Until recently, those activities focused more on Lao culture and the countryâ€™s potential for outdoor activities such as hiking than they did on golf. Over the last few years, however, Laos has added some serious artillery to its arsenal of layouts with high quality courses in both the capital Vientiane and in the northern city of Luang Prabang, the nationâ€™s former seat of royalty and its most appealing tourist destination.
Every expanding Asian metropolis needs a decent golf facility and Vientiane now has one in Long Thanh-Vientiane Golf Club, better known as Long Vien.
Situated around 16 kilometres outside the city in one of the Special Economic Zones fuelling the cityâ€™s investment boom, the club has 27 holes laid out on a basically flat topography with manmade mounding, water hazards and sharp-lipped bunker complexes providing the main challenges for golfers. First rate facilities include posh locker rooms, an international restaurant and a well-equipped pro shop, while floodlights offer opportunities for night golf.
Around 60km north of the capital, next to Nam Ngun Lake â€“ known as the â€œLake Geneva of Laosâ€ â€“ is Dansavanh Nam Ngun Resort. The resort, which has a casino, hotel and restaurant among other facilities is aimed first and foremost at the large contingent of Chinese now doing business in Laos. The golf course though holds appeal to all nationalities. The course has been described as the most picturesque in Laos. And itâ€™s hard to disagree with the aesthetic appeal of a layout that is routed round a series of lakes and streams with water coming into play on no fewer than ten of the holes.
Other fine courses in the Vientiane area, meanwhile, include the well-maintained Lakeview Vientiane Golf Club and Lao Country Club, the countryâ€™s oldest course, which has been extensively refurbished of late.
Although the capital has the lionâ€™s share of the golf action in Laos, the countryâ€™s prime test lies further north at Luang Prabang Golf Club. Laid out along the southern bank of the mighty Mekong River just outside the city, the course is one of the most impactful in the region. No two holes are parallel to each other, which adds to the feeling of embarking on an epic journey.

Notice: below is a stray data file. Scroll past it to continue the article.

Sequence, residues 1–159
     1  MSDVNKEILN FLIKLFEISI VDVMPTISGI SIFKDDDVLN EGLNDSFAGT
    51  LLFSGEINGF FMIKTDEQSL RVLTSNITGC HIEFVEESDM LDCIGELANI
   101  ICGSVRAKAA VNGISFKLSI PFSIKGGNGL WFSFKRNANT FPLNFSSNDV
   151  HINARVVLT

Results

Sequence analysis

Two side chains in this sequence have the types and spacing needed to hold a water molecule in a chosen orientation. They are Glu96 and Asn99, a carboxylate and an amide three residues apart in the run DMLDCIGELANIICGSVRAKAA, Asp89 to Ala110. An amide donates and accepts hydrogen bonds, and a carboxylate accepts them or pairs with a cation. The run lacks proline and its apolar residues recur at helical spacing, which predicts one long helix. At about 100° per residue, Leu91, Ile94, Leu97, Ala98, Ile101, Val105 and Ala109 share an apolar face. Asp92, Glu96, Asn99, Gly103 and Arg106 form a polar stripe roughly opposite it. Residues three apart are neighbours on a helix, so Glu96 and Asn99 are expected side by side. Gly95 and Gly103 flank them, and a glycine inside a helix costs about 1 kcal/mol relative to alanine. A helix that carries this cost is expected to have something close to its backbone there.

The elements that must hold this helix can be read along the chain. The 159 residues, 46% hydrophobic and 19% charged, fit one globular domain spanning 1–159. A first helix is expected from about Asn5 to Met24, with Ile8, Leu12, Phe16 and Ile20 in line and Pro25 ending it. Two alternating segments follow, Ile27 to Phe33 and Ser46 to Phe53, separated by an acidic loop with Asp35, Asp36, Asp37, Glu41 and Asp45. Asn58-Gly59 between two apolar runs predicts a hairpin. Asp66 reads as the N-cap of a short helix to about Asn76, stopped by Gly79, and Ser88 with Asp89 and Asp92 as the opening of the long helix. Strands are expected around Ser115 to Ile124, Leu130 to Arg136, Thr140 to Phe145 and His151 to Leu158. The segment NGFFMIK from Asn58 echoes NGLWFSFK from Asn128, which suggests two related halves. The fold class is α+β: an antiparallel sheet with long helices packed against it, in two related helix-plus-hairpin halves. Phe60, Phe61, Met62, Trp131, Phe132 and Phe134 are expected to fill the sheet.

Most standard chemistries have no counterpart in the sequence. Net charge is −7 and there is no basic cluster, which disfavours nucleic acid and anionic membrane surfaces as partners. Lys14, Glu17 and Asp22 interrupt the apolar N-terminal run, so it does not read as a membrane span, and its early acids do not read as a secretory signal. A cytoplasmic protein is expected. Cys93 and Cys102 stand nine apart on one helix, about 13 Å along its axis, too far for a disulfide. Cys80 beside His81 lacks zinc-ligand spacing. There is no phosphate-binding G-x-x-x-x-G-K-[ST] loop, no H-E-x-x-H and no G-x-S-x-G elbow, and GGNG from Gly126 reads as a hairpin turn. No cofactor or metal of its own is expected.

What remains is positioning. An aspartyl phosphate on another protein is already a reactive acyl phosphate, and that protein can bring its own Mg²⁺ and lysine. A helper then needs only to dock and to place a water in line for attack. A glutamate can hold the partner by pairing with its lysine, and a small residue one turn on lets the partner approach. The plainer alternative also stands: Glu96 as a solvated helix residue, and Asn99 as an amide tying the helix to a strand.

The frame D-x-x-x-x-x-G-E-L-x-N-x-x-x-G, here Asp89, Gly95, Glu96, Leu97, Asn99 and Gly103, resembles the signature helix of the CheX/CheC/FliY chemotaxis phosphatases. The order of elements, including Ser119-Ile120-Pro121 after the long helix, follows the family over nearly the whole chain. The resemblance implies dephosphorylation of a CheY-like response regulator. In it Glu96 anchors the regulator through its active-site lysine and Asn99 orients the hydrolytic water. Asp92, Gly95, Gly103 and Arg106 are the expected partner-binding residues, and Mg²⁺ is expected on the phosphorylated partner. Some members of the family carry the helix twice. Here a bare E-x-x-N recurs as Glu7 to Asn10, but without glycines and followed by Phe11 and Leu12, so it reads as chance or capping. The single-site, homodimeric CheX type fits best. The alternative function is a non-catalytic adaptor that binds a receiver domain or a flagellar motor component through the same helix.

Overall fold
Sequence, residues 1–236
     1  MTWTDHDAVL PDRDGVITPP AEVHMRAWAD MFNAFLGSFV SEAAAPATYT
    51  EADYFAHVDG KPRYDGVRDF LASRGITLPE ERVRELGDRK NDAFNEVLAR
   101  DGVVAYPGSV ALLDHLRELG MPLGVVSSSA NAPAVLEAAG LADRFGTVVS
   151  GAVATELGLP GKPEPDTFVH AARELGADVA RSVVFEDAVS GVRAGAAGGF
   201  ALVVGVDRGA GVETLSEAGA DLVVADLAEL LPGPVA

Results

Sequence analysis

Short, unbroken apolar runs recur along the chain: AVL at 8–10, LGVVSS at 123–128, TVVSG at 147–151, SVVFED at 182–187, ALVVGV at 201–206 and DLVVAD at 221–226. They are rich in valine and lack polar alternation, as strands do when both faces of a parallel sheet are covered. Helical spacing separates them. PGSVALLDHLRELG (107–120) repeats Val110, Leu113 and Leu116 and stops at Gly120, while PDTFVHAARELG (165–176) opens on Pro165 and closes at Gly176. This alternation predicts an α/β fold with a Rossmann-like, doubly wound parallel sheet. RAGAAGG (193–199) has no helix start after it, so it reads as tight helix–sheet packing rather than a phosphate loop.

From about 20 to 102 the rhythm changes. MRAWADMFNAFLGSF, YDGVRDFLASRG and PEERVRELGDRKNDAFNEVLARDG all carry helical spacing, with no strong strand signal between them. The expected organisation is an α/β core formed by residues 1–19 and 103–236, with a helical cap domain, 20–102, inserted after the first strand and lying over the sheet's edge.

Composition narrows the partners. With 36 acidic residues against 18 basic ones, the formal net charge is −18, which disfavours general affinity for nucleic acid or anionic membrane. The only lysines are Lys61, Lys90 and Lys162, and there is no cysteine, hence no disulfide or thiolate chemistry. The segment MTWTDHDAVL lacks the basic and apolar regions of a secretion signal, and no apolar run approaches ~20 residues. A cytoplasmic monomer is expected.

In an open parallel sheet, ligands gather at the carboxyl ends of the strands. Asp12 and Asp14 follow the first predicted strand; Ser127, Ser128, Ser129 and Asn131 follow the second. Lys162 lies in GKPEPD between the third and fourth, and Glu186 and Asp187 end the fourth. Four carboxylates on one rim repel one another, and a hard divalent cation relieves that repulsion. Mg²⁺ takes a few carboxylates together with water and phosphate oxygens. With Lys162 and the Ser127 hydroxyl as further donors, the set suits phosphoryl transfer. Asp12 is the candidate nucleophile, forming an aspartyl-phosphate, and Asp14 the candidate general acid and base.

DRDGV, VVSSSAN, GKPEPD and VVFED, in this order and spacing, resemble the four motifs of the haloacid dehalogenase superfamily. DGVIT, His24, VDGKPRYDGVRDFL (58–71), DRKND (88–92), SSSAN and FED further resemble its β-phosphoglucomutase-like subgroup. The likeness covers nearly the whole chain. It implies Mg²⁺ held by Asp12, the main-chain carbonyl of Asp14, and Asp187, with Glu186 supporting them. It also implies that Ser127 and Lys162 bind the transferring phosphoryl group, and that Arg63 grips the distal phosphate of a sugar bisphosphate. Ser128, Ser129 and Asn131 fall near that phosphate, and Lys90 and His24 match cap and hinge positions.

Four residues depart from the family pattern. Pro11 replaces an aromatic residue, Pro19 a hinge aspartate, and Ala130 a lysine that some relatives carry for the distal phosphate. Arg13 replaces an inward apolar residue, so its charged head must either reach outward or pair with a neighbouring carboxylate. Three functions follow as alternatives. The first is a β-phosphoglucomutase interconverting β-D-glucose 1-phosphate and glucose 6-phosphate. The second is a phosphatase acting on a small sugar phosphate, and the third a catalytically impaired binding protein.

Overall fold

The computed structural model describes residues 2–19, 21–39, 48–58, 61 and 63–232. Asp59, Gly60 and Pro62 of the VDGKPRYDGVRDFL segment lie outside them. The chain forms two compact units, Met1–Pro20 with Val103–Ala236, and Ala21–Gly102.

While the first nine plays away from the river into the tropical hinterland, the course slowly works its way back towards the water. The 17th, a testing par-3, plays right alongside the river. The majestic waterway comes into play too at the final hole, a testing uphill par 4 that makes a fitting finale to an unforgettable round.
Did You Know ?
5 REASONS TO TRAVEL TO SINGAPORE FOR GOLF
1) GREAT VALUE FOR MONEY
Malaysia’s tremendous assortment of courses may be high in quality, but rarely does it break the bank to play them. While neighbouring Singapore has some of the highest green fees in the world, Malaysia is far more egalitarian. With a weekday round on one of the country’s best layouts costing, on average, somewhere around $60, Malaysia is a world leader when it comes to great value holiday golf.
2) HUGE COURSE VARIETY
If its diversity you are after, Malaysia has a full range of treats in store. Options run the gamut from coastal layouts and courses located near major urban centres to tracks carved through rainforest or located high in mountainous terrain.
3) EXCELLENT TRANSPORTATION
Although it bills itself as ‘truly Asia’, Malaysia’s excellent transport infrastructure belies popular images of rickety trains and traffic choked highways. Great roads, a decent rail network and affordable internal flights on low-cost airlines such as Air Asia and Firefly and national carrier Malaysian Airlines make getting from course to course a cinch.
4) REST AND RELAXATION
Malaysia is not a freewheeling party destination like its holiday golf rival Thailand next door, but its laid-back atmosphere is legendary. The locals are friendly, the beaches and resorts are wonderful and alcoholic refreshments are readily available. Meanwhile, cities such as Kuala Lumpur and Kota Kinabalu in Sabah have lively nightlife scenes.
5) UNDER THE RADAR APPEAL
It seems strange considering its obvious attributes, but Malaysia remains relatively untouched by the hand of mass golf tourism. While expats and locals keep the courses busy at the weekend, traffic is blessedly sparse at other times. Hit even the top-rated courses during the week and there’s a good chance you won’t get held up once.